Clearly, the fix was in.

For a party already dealing with a base that is furious with "the establishment," this would be worse than picking Rubio or Kasich.

The Republican Party is in its own Kobayashi Maru scenario. Donald Trump is an unelectable nightmare of a candidate who would hurt a lot of down-ticket candidates, and draw out the Democratic base. Ted Cruz isn't liked by his colleagues and would have a hard time appealing to any of the people the Republican Party needs going forward if it is to remain viable. Kasich and Rubio aren't any more electable than Cruz, simply for the internal party riot their nomination would probably cause. Mitt Romney is even less electable because of the revolt his nomination would definitely cause.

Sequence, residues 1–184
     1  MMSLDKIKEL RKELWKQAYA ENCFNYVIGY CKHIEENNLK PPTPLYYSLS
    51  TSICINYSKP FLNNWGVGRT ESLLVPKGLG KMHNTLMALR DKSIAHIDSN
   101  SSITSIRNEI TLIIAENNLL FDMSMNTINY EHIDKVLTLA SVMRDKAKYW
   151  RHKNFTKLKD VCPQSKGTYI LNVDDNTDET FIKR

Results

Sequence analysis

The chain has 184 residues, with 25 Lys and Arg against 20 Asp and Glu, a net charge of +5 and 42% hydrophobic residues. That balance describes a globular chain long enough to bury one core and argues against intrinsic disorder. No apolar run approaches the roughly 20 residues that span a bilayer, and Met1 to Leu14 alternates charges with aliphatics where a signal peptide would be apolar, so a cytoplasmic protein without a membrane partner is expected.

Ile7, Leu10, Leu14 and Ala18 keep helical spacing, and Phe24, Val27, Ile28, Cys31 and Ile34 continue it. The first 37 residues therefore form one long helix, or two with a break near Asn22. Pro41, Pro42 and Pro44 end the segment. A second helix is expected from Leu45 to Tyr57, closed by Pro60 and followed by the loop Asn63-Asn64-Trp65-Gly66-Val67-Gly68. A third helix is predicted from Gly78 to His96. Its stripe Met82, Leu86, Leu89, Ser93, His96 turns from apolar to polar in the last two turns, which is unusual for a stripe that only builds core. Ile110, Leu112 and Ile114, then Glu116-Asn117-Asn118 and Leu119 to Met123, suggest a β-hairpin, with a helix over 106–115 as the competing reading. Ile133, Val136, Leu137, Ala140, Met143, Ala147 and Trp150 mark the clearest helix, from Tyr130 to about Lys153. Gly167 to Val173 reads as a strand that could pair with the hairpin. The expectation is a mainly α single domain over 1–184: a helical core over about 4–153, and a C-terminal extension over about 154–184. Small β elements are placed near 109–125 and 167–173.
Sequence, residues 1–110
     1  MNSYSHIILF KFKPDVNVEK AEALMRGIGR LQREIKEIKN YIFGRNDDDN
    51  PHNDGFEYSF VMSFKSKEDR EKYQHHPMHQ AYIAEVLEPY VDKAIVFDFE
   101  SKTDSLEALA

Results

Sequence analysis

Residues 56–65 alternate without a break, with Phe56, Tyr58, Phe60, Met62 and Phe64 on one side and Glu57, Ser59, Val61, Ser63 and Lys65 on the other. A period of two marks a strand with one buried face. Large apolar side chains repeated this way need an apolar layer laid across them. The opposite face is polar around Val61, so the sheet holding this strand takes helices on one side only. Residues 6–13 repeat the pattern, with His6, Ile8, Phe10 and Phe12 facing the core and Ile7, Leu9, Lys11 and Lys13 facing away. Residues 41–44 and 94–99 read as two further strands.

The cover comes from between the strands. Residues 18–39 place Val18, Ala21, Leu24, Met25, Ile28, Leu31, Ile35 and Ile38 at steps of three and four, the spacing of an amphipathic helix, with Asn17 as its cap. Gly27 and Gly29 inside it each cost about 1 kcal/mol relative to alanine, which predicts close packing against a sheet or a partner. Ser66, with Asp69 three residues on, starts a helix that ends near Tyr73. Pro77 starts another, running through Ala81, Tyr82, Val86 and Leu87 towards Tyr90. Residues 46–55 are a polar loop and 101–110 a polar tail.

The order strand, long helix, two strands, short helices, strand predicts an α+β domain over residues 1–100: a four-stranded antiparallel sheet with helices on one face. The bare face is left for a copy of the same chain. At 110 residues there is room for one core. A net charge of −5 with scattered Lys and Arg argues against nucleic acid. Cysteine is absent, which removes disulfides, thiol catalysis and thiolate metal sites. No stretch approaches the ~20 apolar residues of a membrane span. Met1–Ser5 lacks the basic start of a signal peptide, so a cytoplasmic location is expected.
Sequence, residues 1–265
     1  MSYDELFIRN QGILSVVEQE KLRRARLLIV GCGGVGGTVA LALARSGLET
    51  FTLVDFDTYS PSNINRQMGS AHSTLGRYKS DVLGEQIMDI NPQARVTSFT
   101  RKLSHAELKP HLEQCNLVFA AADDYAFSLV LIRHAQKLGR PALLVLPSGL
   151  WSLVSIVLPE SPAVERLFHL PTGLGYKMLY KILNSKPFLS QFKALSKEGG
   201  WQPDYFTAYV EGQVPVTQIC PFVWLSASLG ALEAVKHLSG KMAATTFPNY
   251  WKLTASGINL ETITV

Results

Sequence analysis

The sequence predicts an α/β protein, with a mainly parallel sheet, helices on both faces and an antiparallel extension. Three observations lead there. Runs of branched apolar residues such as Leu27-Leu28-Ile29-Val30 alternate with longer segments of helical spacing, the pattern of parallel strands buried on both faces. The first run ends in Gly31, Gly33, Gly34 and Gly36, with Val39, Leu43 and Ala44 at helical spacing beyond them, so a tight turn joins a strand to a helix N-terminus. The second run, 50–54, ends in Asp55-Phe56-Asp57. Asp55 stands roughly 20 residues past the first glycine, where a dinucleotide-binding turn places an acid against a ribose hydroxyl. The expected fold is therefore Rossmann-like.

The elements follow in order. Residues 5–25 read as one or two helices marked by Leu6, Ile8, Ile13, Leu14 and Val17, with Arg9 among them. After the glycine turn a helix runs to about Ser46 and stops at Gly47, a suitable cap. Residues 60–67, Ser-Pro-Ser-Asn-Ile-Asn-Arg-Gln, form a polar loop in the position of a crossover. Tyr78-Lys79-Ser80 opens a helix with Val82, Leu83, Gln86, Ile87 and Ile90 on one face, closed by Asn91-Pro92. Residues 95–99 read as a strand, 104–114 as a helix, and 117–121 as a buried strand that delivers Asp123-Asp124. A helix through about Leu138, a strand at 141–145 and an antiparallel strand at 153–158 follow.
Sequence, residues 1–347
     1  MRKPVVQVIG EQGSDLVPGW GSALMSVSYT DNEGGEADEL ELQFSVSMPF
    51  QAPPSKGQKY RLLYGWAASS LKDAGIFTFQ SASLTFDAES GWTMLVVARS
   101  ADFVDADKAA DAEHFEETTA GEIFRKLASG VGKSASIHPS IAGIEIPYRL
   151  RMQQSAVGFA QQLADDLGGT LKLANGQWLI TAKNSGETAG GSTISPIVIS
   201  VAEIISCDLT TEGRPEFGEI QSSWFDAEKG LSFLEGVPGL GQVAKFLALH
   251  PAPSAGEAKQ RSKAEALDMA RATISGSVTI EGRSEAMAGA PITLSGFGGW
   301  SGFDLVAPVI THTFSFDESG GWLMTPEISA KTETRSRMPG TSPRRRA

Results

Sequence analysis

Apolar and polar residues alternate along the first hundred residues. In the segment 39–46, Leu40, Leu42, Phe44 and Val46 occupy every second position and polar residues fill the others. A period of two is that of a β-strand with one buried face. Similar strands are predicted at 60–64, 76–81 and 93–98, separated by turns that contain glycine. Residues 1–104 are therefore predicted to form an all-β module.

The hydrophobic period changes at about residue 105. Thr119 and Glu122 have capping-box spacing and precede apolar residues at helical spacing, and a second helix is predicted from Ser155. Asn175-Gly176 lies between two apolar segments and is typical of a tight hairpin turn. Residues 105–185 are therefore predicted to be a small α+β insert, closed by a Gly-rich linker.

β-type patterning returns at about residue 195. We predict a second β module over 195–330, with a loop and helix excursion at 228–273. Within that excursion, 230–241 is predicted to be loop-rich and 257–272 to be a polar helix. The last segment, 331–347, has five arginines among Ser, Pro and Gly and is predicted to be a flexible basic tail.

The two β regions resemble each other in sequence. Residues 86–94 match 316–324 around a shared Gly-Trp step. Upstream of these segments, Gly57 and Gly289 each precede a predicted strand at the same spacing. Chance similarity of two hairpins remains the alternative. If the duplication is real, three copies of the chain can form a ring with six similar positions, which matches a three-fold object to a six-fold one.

So what seems likely to happen? There will be a brokered convention. Trump will not win the nomination. Party elites will likely end up choosing whether to support Cruz and risk losing the general election (because, well, he's Ted Cruz: To know him is to hate him) or John Kasich, and setting of a civil war inside the party that might cost them the election anyway.

Either way, I'm getting some popcorn -- and renewing my passport, just in case.

BRYNN TANNEHILL ;graduated from the Naval Academy in 1997 before serving as a campaign analyst while deployed overseas. She later worked as a senior defense research scientist in private industry; she left the drilling reserves and began transitioning in 2010. Since then, she has written for OutServe, The New Civil Rights Movement, Salon, Everyday Feminism, The Good Men Project, Bilerico, and The Huffington Post.